The interpretation of Jesus’ words has taken various forms. One form is pure pacifism, which is the refusal to acknowledge any value to war or to engage in war. Another form is non-resistance, best known through the 20th century social reform movements of Martin Luther King, Jr. and Gandhi.

Earlier in the Sermon on the Mount, Jesus blessed his disciples with these words: “Blessed are those who are persecuted for righteousness’ sake, for theirs is the kingdom of heaven.” They are in the context of being a peace-pursuing people. He knew what he was talking about. Those who pursue peace are often persecuted. The early Anabaptists were, as were King and Gandhi. Even today peace activists are maligned by some who don’t understand that a person can be patriotic and peace-loving at the same time.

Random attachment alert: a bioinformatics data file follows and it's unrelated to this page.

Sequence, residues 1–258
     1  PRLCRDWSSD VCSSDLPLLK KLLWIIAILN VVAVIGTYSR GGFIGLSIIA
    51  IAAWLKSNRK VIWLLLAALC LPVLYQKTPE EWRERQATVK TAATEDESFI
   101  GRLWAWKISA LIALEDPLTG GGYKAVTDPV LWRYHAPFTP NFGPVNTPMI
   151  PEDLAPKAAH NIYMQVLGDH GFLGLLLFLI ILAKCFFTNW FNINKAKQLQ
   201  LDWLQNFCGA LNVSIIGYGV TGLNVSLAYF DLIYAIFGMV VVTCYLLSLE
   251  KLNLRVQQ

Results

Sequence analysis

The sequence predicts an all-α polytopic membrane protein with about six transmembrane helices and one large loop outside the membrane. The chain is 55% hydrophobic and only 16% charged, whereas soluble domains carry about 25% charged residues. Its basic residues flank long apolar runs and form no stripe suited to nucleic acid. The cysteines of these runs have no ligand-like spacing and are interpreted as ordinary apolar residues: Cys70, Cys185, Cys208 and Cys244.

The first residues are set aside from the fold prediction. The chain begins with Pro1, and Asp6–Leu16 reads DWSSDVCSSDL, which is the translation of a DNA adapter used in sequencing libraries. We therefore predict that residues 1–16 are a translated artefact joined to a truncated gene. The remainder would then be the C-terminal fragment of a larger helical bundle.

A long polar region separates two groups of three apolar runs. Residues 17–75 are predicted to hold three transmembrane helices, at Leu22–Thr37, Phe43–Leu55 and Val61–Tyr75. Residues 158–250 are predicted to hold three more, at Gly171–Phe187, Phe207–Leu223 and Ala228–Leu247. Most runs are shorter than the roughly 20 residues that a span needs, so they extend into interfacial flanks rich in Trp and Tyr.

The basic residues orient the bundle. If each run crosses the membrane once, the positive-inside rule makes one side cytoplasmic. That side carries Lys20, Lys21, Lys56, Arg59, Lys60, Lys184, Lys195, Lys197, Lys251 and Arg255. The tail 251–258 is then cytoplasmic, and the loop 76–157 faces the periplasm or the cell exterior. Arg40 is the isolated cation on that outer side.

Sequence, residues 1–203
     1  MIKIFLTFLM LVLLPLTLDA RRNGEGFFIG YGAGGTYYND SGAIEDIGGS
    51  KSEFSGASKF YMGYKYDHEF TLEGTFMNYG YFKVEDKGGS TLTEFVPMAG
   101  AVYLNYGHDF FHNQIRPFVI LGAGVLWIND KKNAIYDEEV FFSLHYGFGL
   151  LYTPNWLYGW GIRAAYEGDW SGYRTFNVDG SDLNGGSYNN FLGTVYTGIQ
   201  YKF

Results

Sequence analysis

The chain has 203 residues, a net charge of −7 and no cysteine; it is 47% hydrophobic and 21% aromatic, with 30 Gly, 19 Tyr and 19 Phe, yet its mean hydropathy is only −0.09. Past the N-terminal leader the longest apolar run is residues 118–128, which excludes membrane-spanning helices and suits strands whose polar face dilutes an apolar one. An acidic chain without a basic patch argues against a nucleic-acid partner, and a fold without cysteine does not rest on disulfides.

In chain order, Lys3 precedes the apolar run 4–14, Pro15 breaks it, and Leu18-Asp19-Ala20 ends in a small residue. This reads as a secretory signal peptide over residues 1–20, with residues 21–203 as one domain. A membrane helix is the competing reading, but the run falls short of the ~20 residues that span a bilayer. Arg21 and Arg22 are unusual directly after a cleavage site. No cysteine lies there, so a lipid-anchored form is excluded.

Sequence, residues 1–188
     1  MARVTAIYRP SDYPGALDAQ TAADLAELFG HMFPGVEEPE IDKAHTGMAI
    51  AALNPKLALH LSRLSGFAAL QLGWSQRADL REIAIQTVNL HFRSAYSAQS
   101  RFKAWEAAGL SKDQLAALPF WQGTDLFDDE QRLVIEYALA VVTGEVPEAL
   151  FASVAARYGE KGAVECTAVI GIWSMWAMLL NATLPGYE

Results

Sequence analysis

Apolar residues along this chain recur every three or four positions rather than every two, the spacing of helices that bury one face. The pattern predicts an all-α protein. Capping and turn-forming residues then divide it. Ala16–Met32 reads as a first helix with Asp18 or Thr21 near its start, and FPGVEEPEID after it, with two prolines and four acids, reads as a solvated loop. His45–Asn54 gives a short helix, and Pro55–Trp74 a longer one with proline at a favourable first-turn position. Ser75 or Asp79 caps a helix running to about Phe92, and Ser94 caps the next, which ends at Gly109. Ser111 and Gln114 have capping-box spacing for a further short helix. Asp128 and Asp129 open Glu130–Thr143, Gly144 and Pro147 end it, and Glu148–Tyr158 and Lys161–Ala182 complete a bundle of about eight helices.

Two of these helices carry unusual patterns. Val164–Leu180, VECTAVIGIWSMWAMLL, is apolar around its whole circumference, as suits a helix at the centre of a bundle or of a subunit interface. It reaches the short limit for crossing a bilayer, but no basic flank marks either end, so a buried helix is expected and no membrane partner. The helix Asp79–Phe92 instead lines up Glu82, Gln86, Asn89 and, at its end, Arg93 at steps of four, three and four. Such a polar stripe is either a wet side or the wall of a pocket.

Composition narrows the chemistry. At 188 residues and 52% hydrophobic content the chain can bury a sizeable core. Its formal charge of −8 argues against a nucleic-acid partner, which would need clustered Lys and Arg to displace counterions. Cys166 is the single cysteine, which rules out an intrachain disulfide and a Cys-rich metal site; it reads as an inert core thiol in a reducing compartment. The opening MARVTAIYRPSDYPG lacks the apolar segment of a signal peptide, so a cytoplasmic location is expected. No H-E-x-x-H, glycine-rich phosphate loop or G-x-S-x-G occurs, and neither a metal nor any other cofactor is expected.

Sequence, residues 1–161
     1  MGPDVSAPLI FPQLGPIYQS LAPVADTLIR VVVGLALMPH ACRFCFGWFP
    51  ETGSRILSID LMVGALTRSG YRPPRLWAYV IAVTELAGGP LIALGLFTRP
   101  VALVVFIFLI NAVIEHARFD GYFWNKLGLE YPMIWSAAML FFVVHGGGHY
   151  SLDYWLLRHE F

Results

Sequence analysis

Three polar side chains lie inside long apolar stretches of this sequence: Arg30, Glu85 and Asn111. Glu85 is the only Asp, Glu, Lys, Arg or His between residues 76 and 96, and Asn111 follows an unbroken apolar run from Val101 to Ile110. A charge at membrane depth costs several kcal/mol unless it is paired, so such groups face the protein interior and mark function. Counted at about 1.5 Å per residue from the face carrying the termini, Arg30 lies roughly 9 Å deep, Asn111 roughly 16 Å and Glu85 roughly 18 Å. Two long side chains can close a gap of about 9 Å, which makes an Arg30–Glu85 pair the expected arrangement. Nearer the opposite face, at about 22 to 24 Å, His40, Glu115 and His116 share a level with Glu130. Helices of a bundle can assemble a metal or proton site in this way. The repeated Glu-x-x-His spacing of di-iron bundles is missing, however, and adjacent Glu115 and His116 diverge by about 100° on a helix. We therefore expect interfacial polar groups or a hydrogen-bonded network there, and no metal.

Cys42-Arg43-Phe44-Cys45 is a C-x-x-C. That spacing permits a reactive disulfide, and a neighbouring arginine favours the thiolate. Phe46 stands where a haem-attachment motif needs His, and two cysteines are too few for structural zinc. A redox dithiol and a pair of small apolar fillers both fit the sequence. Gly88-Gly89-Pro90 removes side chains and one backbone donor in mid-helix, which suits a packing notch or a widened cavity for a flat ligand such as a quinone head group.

Perhaps the best way to interpret Jesus’ words on non-resistance and peace is to remember the beatitude from the beginning of the Sermon on the Mount, “Blessed are the peacemakers, for they will be called children of God.”

On the practice of peacemaking, consider the following description.

Peace is not just about the absence of conflict; it’s also about the presence of justice. Martin Luther King, Jr. even distinguished between “the devil’s peace” and God’s true peace. A counterfeit peace exists when people are pacified or distracted or so beat up and tired of fighting that all seems calm. But true peace does not exist until there is justice, restoration, forgiveness. Peacemaking doesn’t mean passivity. It is the act of interrupting injustice without mirroring injustice, the act of disarming evil without destroying the evildoer, the act of finding a third way that is neither fight nor flight but the careful, arduous pursuit of reconciliation and justice. It is about a revolution of love that is big enough to set both the oppressed and the oppressors free. (Common Prayer, p. 382)